How quickly does the travel steamer heat up? Heating times can range from 20 seconds to several minutes. If you’re a last-minute kind of person, opt for a steamer with quick heating so you can plug in and go. Many manufacturers state the device heating time on the package.
How big is the water reservoir? A larger reservoir may allow you to steam more than one garment before you need a refill. Most travel steamers have water tanks that provide enough steam for one item of clothing at a time.
A good steamer doesn’t spray hot water; it produces a steady stream of hot steam. Look at the product description to discover how long the unit can produce a continuous stream of steam. Avoid models for which users have complained of water leakage.
Steamers with higher wattage are more powerful but may be larger, bulkier, and not ideal for travel purposes.
The best travel steamers are easy to use. The tank is removable for cleaning and filling, and the unit doesn’t leak or dribble water. The cord is long enough to maneuver the steamer without fuss; it may even be retractable. The controls or buttons make sense, and the handle is comfortable to hold as you de-wrinkle your clothing.
Most steamers have an auto shutoff feature that turns off the device when the water reservoir is empty.
Wall outlets differ depending on where you are in the world. For overseas travel to Europe, you’ll need a dual-voltage device or an adapter to use the steamer with a different outlet type. Notably, it might be tough to find a steamer with dual voltage; this feature is more common in travel irons.
A travel steamer can help get out stubborn wrinkles when you’re on the go, but the first step to wrinkle-free travel is actually the proper packing of your suitcase. Here are some tips for wrinkle-free packing.
Roll cotton tees and clothes instead of folding them.
Choose synthetic fabrics to pack since they won’t wrinkle as easily as cotton. Wool is also wrinkle proof.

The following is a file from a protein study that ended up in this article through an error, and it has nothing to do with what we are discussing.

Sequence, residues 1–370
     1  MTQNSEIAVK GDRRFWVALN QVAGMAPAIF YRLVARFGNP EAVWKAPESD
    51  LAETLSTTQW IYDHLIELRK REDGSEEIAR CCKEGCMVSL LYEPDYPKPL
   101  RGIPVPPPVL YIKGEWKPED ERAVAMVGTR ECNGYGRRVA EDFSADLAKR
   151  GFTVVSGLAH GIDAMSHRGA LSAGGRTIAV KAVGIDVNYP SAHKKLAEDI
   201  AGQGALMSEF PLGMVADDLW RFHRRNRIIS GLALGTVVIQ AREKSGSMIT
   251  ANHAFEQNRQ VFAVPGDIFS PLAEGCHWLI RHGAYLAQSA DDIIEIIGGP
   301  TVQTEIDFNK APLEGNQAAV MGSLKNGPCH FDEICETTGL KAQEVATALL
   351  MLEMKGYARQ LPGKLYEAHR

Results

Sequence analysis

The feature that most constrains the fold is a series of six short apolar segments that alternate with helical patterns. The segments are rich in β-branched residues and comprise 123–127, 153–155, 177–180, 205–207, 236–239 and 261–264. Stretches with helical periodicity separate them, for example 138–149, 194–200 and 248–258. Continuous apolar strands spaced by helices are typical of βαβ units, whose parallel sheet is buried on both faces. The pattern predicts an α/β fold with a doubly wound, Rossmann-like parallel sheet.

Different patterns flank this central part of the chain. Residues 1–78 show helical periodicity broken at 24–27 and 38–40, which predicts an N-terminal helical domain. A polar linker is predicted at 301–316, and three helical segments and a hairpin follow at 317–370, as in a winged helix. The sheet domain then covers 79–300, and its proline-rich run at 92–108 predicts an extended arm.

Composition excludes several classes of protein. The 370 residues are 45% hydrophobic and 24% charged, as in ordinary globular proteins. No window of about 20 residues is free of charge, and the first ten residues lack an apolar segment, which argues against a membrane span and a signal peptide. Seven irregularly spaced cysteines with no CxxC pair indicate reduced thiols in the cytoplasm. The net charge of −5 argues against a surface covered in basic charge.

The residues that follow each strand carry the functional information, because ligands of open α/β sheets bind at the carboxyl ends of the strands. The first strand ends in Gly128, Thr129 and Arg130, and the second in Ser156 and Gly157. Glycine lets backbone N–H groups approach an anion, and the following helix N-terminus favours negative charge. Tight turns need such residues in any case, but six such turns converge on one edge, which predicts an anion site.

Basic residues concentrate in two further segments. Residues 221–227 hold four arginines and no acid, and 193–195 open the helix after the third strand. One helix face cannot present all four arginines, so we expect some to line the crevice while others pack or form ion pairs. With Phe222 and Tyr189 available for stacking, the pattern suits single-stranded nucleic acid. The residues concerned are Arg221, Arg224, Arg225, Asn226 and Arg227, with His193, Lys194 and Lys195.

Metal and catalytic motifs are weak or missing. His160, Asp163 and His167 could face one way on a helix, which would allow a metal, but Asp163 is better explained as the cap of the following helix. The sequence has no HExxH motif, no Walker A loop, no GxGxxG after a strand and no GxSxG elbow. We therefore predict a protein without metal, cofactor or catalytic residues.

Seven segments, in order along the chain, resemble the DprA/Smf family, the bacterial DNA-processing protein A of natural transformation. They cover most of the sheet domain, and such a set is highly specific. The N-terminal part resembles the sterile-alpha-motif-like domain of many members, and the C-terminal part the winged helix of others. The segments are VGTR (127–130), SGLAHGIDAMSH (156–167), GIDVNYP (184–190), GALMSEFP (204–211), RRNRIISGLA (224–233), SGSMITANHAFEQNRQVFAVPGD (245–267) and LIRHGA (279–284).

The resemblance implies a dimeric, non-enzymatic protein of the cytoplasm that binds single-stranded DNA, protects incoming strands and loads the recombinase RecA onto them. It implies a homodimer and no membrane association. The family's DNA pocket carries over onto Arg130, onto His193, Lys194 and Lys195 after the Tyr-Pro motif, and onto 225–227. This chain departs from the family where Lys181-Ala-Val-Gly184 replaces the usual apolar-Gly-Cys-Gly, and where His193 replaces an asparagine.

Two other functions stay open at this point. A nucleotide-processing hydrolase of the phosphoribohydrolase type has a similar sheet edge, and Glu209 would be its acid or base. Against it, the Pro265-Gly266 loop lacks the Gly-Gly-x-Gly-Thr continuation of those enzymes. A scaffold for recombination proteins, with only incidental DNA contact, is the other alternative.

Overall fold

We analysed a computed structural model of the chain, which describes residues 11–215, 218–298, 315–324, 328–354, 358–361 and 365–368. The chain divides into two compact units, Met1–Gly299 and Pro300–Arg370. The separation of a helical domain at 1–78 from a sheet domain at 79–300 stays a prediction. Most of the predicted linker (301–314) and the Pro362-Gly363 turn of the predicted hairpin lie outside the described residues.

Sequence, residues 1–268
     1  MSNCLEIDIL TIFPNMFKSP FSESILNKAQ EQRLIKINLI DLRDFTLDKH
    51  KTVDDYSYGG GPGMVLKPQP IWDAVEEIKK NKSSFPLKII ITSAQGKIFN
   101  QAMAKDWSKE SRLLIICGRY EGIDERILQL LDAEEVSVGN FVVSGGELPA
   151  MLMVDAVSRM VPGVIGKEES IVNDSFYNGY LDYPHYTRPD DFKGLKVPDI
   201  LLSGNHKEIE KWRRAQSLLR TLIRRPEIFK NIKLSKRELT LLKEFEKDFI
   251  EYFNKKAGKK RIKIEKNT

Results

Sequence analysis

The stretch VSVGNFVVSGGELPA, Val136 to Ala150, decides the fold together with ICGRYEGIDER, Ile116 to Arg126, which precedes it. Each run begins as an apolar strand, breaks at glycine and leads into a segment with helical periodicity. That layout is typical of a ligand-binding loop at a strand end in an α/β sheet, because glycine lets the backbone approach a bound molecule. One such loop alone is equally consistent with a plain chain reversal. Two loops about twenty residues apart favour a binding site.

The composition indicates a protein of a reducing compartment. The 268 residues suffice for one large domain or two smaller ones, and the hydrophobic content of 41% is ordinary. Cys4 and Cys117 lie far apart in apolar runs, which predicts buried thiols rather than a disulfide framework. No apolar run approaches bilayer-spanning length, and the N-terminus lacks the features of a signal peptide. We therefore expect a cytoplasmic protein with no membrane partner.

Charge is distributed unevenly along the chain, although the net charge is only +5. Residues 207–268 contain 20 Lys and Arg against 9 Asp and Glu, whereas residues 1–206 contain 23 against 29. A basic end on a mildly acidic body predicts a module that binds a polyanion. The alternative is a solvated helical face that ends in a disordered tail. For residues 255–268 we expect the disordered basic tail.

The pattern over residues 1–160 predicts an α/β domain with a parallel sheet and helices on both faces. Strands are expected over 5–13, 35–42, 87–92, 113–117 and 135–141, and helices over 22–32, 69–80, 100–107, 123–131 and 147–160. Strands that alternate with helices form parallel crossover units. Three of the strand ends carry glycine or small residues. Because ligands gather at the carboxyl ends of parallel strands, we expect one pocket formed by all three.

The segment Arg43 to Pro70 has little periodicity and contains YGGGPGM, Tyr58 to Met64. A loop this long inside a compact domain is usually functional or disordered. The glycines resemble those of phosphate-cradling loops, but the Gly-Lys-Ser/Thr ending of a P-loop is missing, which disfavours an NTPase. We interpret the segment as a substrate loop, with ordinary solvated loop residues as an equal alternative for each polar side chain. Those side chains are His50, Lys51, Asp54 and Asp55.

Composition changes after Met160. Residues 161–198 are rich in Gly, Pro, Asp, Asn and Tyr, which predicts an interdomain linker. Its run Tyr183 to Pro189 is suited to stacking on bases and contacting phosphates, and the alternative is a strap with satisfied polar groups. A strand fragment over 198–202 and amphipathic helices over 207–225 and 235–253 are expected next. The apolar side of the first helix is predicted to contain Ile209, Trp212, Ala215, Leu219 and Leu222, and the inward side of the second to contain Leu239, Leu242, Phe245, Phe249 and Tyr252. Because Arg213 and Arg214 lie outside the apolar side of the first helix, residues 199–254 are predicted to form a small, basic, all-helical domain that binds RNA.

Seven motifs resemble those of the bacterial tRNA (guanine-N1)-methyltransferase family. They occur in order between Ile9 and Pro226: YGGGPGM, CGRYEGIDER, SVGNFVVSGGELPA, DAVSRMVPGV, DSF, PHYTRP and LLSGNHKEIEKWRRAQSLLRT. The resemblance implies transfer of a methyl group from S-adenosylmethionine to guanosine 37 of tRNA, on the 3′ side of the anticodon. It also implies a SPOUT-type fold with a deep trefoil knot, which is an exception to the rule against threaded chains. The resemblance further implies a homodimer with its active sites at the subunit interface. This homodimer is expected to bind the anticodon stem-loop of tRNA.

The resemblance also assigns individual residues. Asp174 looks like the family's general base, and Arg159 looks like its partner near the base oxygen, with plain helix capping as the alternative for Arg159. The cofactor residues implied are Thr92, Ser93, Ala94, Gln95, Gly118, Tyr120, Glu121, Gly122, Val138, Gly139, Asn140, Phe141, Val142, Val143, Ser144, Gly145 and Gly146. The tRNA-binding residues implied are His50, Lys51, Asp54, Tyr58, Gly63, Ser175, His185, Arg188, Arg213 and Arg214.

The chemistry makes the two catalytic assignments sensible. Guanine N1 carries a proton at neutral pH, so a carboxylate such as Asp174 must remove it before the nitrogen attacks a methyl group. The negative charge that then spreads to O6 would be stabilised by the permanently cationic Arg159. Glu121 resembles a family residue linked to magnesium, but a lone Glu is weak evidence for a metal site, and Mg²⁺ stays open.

Use packing cubes to keep clothing from tumbling around inside your suitcase.
Neatly fold sweaters and shirts into squares. Use plastic bags (dry-cleaning bags are a good choice) to prevent wrinkling.
Keep smaller items like underwear and lingerie in zip-lock bags.
Minimize loose space to prevent jostling. Use items like socks to fill in the gaps.
Don’t overpack. A fully packed suitcase can squish and compress your clothing, causing it to wrinkle and crease unnecessarily.
Q. Do travel steamers come with accessories?
A. Some travel steamers may come with a brush attachment or lint roller attachment to help keep your clothes looking sharp. But steamers are relatively basic devices, and you don’t need extra accessories to steam your clothing correctly.
Q. What’s the best way to clean my travel steamer?
A. Over time, mineral deposits can build up inside your steamer head and clog the unit. To thoroughly remove residue, fill the water reservoir with vinegar. Turn on the steamer and let the steam run its course. Once the reservoir has emptied, repeat the process with water. Rinse the tank when you’re done.
Q. Should I use distilled water in my steamer?
A. The use of distilled water is recommended but not necessary. Using distilled water helps reduce buildup and mineral deposits, but it’s not dangerous to use regular tap water to steam clothing. If you don’t regularly clean your steamer, however, mineral deposits may eventually produce white stains on fabric.